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A funeral for the masses

Kobe Bryant’s funeral was no small affair.  The family had their private service weeks ago.  But on February 24, Bryant joined an elite group of celebrities with a televised funeral for the world to watch.

The three most-watched funerals in history were Princess Diana and Michael Jackson (2.5 billion worldwide each) and Ronald Reagan (35 million).  But it all began with John F. Kennedy in 1963.

Only a private camera caught the President’s assassination.  That famous footage didn’t air until 1970.  However, news spread quickly and cameras began rolling with updates immediately.

Ironically, after the prime suspect was caught, he too was assassinated – this time on live television.  Fortunately, CBS had new technology – something called “instant replay” – ready for the occasion.  And then came the funeral.  Televised for America to see. 
That day, 45.9 percent of homes with a television were watching.  In less than 72 hours, America went from relying on newspapers and radio to becoming a “TV Nation.”

Yes, the televised funeral allowed the nation to unite and share in its grief.  In fact, reportedly two-thirds of viewers became physically ill or “emotionally distressed” watching the events unfold on TV.

But more so, it helped create the “legendary” mentality of celebrity deaths.

Today, many funeral homes record their services for live-streaming or for the family to share afterward with friends or loved ones who are unable to attend.  Other families watch it later because at the time of the service, they were too numb with grief or shock to process the events of the day.  It’s cathartic.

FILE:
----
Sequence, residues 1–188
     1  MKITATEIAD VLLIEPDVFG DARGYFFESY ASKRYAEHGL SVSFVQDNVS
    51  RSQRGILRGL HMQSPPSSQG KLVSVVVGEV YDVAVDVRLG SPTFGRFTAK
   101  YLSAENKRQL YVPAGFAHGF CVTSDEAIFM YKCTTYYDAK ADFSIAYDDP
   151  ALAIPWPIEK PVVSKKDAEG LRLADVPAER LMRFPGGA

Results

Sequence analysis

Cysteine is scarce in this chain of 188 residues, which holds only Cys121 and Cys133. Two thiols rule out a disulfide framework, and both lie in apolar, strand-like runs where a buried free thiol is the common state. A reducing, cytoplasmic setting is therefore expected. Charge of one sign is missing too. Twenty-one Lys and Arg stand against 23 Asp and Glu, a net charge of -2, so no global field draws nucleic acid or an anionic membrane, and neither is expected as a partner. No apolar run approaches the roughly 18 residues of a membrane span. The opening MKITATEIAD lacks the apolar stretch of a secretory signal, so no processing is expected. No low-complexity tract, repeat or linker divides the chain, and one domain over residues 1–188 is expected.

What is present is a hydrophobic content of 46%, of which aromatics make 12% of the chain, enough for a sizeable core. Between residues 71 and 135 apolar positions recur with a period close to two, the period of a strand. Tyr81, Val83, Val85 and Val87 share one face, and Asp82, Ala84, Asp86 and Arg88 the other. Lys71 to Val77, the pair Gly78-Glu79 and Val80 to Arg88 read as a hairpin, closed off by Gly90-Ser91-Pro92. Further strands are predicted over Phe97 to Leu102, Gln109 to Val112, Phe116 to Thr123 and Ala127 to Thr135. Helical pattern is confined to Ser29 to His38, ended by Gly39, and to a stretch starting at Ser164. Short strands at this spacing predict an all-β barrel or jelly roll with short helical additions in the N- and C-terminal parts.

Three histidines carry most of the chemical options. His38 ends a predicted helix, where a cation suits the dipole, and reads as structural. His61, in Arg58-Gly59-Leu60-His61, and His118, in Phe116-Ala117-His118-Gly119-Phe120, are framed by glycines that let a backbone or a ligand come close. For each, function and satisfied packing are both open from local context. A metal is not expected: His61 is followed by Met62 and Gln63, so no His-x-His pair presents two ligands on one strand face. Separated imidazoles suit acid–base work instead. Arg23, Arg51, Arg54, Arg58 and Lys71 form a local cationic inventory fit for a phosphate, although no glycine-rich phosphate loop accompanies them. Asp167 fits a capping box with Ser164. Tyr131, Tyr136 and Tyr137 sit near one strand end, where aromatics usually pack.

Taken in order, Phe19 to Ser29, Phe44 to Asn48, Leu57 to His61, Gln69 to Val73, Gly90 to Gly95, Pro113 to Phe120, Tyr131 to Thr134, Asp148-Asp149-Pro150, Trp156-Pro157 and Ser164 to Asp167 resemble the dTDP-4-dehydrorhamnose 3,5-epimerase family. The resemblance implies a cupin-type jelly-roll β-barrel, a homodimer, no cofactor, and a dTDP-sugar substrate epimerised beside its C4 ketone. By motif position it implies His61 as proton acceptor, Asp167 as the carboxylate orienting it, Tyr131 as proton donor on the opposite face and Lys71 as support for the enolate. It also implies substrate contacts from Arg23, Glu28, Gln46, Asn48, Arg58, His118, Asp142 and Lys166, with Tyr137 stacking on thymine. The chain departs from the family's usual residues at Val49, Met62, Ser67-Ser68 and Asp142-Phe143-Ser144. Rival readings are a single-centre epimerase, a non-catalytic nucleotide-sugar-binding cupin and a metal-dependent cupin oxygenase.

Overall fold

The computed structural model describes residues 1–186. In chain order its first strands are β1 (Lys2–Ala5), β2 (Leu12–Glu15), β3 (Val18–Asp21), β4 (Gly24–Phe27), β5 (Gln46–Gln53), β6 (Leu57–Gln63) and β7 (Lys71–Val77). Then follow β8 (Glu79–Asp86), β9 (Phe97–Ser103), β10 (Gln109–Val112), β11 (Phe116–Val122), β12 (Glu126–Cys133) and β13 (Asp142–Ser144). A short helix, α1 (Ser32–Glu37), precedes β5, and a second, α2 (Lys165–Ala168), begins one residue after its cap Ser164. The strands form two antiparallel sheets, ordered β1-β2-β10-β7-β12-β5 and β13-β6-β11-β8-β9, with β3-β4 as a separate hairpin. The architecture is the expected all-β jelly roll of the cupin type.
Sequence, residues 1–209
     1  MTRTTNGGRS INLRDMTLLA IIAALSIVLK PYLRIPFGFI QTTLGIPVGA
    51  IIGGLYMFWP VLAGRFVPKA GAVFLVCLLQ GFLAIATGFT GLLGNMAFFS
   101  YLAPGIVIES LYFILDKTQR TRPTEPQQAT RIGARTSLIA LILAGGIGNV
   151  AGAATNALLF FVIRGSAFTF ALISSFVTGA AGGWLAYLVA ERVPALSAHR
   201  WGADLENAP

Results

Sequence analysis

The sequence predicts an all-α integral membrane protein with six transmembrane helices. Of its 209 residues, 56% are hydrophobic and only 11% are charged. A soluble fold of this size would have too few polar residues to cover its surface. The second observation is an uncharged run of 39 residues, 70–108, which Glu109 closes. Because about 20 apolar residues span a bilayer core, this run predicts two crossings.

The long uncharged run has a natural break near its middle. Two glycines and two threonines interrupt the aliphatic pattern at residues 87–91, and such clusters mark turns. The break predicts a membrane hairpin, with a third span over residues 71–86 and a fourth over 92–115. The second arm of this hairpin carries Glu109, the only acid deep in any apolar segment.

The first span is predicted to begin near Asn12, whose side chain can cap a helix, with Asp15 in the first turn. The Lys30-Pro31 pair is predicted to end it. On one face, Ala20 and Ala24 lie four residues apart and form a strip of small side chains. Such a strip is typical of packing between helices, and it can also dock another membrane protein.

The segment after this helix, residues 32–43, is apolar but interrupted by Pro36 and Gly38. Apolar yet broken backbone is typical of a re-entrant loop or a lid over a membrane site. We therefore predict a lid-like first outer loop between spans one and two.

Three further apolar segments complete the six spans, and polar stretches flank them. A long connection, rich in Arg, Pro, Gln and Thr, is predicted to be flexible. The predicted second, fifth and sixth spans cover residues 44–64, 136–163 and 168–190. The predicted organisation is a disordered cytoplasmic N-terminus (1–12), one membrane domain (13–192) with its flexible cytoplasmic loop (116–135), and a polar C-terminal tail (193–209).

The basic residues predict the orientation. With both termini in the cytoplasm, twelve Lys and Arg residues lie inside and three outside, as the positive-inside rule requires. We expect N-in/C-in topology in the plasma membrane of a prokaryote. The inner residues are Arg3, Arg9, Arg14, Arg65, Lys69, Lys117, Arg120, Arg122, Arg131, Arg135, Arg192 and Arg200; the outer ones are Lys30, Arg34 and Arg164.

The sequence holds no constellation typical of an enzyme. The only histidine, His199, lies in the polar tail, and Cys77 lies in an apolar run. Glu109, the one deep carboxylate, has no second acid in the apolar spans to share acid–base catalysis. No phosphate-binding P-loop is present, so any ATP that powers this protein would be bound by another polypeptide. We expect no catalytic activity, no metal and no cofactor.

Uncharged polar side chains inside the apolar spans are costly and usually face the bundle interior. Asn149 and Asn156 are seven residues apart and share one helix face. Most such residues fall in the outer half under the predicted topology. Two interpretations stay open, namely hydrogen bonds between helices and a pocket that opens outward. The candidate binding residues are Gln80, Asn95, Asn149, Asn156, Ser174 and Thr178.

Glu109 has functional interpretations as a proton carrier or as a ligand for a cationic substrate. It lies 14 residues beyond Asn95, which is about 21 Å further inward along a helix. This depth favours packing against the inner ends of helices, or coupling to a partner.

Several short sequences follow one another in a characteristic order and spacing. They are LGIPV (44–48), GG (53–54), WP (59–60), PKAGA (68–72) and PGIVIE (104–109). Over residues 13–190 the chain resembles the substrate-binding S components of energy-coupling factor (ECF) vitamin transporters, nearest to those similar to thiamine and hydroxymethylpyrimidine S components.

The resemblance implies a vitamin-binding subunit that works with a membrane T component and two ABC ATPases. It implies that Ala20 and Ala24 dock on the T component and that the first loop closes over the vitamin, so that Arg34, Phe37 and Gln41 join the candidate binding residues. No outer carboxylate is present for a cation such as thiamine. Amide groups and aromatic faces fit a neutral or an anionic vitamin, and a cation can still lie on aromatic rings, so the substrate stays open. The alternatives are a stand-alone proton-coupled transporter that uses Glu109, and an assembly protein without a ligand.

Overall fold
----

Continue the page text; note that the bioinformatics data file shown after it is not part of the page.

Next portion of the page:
However, televised celebrity funerals are nothing like a private video shot from a discreetly-placed camera.  They are produced, staged, lit, choreographed, and auctioned off for television rights.  They become more spectacle than catharsis.

But worse, the production manages to transform what was simply a human being with successes, flaws and a past, into a god-like icon of legendary status: never to be questioned or judged.

Gayle King recently interviewed WNBA star Lisa Leslie, during which she asked, among other topics, how Bryant’s rape accusation 15 years prior might affect his legacy now.  After CBS ran a promotion featuring that question, King was attacked on social media, her life threatened for mentioning Bryant’s not-so-pristine past.  And King wasn’t the only reporter to receive such public censure.

Why?  The case made headlines.  It was no secret.  And by all accounts, Bryant did a lot of good in the years the followed.  Some might call it a redemption.  Something worth honouring.

Unfortunately, that doesn’t fit the iconic spectacle of a custom-made casket covered in NBA trophies at a star-studded funeral.  They want god-like bright white, not mere human shades of grey.

The loss of Bryant, his daughter and the seven others in that helicopter crash is a tragedy.  For families and for sports.  But after weeks of sanitized tributes, this televised funeral has only heightened the blind idolatry.

If fans don’t honour the whole story of Kobe Bryant, why bother?